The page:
Genre: Thriller

Actor: Bjørn Melhus, Josef Ostendorf, Lea Draeger, Nico Ehrenteit, Sebastian Rudolph, Simon(è) Jaikiriuma Paetau, Simone Bucio, Tristan Bumm

Director: Ann Oren

You don’t come into a Tyler Perry movie expecting to be dazzled, but you do expect to be entertained. Mea Culpa evokes neither of those feelings, at least not in the first half of the film. Between the predictable plot and Rhodes’ bewilderingly flat performance, it’s a mighty challenge to stay awake. Rhodes is, of course, the lead in the award-winning film Moonlight, where he gave a soulful and lived-in performance. So it doesn’t make sense why, in Mea Culpa, despite playing a perennially horny man, he’s as exciting to watch as paint dry. We’re supposed to believe that his charisma (or lack thereof) seduces Rowland’s character, but there’s no chemistry to be found. For her part, Rowland is a delight to watch. The many turns she experiences fit her range, and she is effectively the heart of the film. Mea Culpa, to be fair, revs up and gets thrilling by the second half, when the chips start to fall and the twists unfold. But it’s too little too late, and they barely shock you at that point, that is if you’re still awake.

Genre: Crime, Drama, Thriller

Actor: Angela Robinson, Connor Weil, Kelly Rowland, Kerry O'Malley, Nick Sagar, RonReaco Lee, Sean Sagar, Shannon Thornton, Trevante Rhodes

Director: Tyler Perry

Rating: R

In Love and Deep Water is torn between multiple concepts. There’s a murder, sure, and a butler trying to figure out who’s the killer, but there also happens to be a romance plot where the same butler falls in love with the passenger that informs him of their partners’ infidelity. The film also tries to squeeze in comedy with the way the killers try to hide the dead body, the ridiculousness of some passengers, and cheeky but contextless commentary. While the romance is lovely, In Love and Deep Water isn’t the fun and chaotic murder mystery promised, as it drowns itself with interesting ideas that never really fully pans out.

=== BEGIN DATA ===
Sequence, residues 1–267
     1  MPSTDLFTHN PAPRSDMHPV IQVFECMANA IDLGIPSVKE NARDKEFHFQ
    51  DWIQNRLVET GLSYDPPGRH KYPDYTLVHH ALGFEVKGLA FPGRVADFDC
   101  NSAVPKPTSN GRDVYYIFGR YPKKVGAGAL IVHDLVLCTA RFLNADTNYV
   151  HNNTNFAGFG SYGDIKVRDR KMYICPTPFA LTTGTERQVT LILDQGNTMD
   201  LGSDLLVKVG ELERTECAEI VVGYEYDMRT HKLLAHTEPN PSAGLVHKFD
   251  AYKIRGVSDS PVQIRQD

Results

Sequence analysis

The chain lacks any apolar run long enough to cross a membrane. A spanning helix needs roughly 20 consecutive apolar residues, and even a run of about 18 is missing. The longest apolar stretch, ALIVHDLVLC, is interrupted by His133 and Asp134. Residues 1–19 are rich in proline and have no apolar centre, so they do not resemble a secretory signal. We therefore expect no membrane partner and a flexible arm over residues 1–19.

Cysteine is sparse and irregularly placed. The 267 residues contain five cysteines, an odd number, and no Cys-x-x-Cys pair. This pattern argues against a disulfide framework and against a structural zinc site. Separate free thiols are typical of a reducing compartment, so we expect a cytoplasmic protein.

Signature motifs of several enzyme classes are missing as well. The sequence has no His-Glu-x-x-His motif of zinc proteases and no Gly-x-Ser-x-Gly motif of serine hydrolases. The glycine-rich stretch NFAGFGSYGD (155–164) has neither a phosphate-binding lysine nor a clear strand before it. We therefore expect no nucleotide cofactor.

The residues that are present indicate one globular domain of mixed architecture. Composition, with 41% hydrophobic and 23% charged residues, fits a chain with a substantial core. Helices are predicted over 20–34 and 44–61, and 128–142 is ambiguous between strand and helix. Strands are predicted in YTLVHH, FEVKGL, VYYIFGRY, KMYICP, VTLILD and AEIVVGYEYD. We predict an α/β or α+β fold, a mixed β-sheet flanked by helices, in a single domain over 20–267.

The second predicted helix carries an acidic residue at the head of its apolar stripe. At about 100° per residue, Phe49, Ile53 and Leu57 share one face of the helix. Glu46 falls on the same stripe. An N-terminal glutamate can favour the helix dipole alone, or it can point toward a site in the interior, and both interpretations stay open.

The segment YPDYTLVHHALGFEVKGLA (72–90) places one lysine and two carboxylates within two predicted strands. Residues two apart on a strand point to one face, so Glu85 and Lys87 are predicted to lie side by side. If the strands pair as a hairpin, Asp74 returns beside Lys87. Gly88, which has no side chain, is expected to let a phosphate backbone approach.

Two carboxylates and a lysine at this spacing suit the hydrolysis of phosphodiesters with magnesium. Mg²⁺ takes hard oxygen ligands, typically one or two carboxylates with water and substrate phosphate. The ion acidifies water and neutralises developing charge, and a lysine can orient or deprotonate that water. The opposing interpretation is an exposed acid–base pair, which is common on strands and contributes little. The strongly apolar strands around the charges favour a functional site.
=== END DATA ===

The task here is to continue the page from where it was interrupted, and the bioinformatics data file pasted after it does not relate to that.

Genre: Comedy, Mystery, Romance, Thriller

Actor: Airi Matsui, Aju Makita, Amane Okayama, Aoi Miyazaki, Hatsunori Hasegawa, Hidekazu Mashima, Ken Mitsuishi, Ken Yasuda, Kento Nagayama, Nahana, Rinko Kikuchi, Ryo Yoshizawa, Saki Takaoka, Takashi Okabe, Tomu Miyazaki, Yoh Yoshida, Yoshimasa Kondô, Yuki Izumisawa

Director: Yusuke Taki

Rating: R, TV-MA

Based on the novel by Women Talking author Miriam Toews, this adaptation of All My Puny Sorrows holds clear reverence for its source material but falls short of making a case for its existence as a film. Toews's prose—significant parts of which writer/director Michael McGowan has kept intact in the dialogue—may be appropriate for a book that allows full internal access to its narrator, but on film her words come across as overly articulate and artificial, even if they speak beautiful, harsh truths about grief. And without a defined visual identity or proper flow of ideas to back up its admittedly complex characters (played with authentic tenderness and force by Alison Pill, Sarah Gadon, and Mare Winningham), the film ends up stuck in its own darkness, unable to give a proper form to all its thoughts.

Genre: Drama

Actor: Alison Pill, Aly Mawji, Amybeth McNulty, Boyd Banks, Donal Logue, Elizabeth Saunders, Mare Winningham, Marin Almasi, Martin Roach, Michael Musi, Mimi Kuzyk, Morgan Bedard, Racine Bebamikawe, Sarah Gadon

Director: Michael McGowan

Rating: R

Plenty of missing people stories don’t get resolved, so understandably, all their loved ones can do is contemplate the potential horrors that could have happened to them, like being lost and needing to survive, or being kidnapped, or, of course, being dead. Primbon is a story where a missing girl returns home, though her return seems suspicious, at least, according to Javanese superstition. So much could have been made with this premise. They could have delved into Rana’s possible trauma from the reason she was lost, or the way these superstitions hinder these victims from receiving help from others. The film at least shines during the moments between Dini, her mom, and Rana, as they try to get back to normal. But in prioritizing the family, Primbon is torn between being a family drama versus being a supernatural horror film, and ultimately fails at being both.

Genre: Horror

Actor: Azela Putri, Chicco Kurniawan, Flavio Zaviera, Happy Salma, Jajang C. Noer, Nugie, Whani Darmawan

Director: Rudy Soedjarwo